Platelet-rich plasma (PRP) is believed to provide pain relief and help improve joint function in degenerative joint disease, a new study has shown that it does not act by promoting stem cell proliferation or enhance the cartilage formation capabilities of mesenchymal stem cells (MSCs).

In the article entitled "Effect of Platelet-rich Plasma on Chondrogenesis of Adipose- and Bone Marrow-Derived Stem Cells," coauthors Jr-Jium Liou, Benjamin Rothrauff, Peter Alexander, and Rocky Tuan, University of Pittsburgh School of Medicine (PA), used MSCs derived from the fat pad of the knee and the bone marrow.

They showed that high concentrations of PRP treatment for long periods of time impaired cartilage formation, making it less likely for chondrocyte differentiation from the MSC to occur. This had significant implications for the development of future strategies to repair cartilage damaged by injury or disease.

"This article presents a systematic study to elucidate the effects of PRP on the chondrogenic differentiation of adult human MSCs and its potential mechanism of action as a therapeutic adjunct for the treatment of joint diseases," said Antonios G. Mikos, Ph.D., Louis Calder Professor at Rice University, Houston, TX.

Post-traumatic and focal cartilage defects of the knee affect over 3 million Americans annually. Autologous cell-based cartilage repair, for example, autologous chondrocyte implantation, is limited by the need for ex vivo chondrocyte expansion and donor site morbidity.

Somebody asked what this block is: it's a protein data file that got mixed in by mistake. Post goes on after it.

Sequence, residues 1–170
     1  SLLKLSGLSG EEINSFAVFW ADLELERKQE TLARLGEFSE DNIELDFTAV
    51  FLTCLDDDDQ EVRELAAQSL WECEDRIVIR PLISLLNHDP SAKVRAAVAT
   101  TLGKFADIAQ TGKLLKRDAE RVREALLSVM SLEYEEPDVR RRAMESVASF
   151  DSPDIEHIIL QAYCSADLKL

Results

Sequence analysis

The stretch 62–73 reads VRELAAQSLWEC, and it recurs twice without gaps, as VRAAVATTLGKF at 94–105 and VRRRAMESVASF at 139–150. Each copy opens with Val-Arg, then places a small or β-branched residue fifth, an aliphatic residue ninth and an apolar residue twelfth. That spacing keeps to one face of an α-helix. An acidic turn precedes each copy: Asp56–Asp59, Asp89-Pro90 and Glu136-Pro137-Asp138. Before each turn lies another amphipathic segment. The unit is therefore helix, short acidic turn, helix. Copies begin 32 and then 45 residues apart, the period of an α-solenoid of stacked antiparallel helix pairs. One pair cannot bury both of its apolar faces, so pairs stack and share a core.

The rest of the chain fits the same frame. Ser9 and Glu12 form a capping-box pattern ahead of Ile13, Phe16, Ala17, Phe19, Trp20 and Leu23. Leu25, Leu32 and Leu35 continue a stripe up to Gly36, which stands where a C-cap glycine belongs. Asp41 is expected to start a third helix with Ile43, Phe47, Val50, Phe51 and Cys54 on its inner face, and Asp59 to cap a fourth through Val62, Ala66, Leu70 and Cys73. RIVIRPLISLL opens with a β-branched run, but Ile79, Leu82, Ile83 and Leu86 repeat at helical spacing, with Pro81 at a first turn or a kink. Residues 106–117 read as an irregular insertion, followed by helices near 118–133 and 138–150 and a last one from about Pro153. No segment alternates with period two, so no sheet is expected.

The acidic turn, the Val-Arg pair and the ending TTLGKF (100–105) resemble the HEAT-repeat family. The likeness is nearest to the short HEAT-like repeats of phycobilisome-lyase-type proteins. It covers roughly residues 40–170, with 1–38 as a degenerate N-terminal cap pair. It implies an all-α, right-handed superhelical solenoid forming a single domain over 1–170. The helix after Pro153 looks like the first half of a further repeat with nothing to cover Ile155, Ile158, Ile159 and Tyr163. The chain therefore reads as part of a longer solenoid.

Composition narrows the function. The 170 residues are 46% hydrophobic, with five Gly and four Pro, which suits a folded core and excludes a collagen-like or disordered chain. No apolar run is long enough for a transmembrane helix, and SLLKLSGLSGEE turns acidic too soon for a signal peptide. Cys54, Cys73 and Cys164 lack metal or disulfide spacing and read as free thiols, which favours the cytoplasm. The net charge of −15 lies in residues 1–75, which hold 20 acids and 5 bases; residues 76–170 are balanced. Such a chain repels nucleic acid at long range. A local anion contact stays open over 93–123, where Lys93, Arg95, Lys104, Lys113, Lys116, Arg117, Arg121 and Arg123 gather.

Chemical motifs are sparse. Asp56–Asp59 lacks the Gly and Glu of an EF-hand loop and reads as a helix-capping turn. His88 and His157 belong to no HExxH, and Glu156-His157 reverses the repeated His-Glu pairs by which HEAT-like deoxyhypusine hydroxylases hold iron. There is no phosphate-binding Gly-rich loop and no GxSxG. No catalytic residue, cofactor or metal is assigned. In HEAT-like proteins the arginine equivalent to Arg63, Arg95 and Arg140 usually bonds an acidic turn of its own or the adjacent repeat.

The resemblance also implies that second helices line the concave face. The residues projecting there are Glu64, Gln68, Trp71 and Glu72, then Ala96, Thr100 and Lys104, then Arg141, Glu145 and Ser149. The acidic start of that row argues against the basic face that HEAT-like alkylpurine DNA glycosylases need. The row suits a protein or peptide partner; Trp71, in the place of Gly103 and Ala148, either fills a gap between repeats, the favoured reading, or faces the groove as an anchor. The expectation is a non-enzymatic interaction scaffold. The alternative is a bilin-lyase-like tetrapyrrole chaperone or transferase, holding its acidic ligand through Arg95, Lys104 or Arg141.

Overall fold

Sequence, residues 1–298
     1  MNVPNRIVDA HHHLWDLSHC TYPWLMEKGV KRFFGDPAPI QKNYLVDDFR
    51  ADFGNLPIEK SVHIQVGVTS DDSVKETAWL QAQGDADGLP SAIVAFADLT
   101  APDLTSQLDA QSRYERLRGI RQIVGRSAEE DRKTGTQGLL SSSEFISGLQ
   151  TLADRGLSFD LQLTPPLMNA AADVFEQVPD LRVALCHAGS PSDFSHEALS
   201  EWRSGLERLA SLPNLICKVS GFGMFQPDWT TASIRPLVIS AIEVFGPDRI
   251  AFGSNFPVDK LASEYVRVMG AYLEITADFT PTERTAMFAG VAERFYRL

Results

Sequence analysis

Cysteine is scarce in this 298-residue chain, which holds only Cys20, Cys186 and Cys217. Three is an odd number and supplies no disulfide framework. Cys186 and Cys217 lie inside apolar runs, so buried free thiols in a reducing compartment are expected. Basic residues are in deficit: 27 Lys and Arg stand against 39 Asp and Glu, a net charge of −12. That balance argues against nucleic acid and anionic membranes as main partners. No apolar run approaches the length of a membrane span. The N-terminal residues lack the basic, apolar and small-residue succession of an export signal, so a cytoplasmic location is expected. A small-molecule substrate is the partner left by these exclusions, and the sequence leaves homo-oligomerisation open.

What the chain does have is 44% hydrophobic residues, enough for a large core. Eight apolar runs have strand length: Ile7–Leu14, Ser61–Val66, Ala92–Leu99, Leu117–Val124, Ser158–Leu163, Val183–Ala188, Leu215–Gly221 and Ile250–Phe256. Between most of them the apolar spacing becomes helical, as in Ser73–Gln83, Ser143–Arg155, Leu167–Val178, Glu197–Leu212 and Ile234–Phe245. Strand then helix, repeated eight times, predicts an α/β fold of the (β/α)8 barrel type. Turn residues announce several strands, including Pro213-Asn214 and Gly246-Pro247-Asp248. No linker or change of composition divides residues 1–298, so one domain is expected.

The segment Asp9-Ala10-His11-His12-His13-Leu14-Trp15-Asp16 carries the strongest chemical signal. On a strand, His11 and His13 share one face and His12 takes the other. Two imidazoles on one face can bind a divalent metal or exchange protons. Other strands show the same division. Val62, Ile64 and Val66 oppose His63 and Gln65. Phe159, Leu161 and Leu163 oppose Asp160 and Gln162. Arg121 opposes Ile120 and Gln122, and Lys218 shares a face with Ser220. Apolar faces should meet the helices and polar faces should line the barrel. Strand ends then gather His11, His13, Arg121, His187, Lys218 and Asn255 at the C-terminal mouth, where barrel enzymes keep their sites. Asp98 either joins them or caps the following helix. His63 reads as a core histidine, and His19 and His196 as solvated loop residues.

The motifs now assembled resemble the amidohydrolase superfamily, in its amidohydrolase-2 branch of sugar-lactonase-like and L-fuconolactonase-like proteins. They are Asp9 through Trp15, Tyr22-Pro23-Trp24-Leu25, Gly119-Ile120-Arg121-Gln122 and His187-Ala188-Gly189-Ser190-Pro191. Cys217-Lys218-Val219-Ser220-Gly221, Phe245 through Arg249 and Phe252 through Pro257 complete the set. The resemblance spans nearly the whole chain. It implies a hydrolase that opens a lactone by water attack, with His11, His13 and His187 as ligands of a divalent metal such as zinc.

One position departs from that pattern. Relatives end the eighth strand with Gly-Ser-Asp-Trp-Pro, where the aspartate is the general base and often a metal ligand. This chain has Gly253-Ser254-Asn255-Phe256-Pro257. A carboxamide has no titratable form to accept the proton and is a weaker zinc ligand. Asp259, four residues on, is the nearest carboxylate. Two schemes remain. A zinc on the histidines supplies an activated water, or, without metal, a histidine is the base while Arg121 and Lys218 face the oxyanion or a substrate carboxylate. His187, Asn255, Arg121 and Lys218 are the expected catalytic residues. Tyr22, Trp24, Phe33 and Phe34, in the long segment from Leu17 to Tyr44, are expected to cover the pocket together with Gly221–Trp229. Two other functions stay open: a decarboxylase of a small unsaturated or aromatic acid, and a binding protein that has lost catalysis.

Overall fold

IFP-ASC or BM-MSC chondrogenesis

Mesenchymal stem cells (MSCs), owing to their relative ease of isolation, higher replication activity, and chondrogenic potential, represent an alternative reparative cell type.

Platelet-rich plasma (PRP) is an autologous, growth factor-rich biologic preparation that has recently received increasing attention and use as a therapeutic adjunct for the treatment of degenerative joint diseases, and there is evidence suggesting that PRP acts by promoting stem cell proliferation and tissue healing.

In this study, the researchers examined the effect of PRP treatment on chondrogenic differentiation of adult human MSCs derived from infrapatellar fat pad-adipose stem cells (IFP-ASCs) and bone marrow (BM-MSCs).

Both cell types were placed in high-density pellet culture and hydrogel-encapsulated culture under chondrogenic conditions. Our results showed that PRP did not improve IFP-ASC or BM-MSC chondrogenesis.

In general, chondrogenesis was inhibited with increasing PRP concentrations and duration of exposure, by histological, biochemical, and gene expression analyses.

Taken together, these findings suggest that although PRP is reported to be beneficial regarding pain relief and joint function improvement, its mechanism of action is unlikely to involve enhancement of MSC-mediated hyaline cartilage formation directly.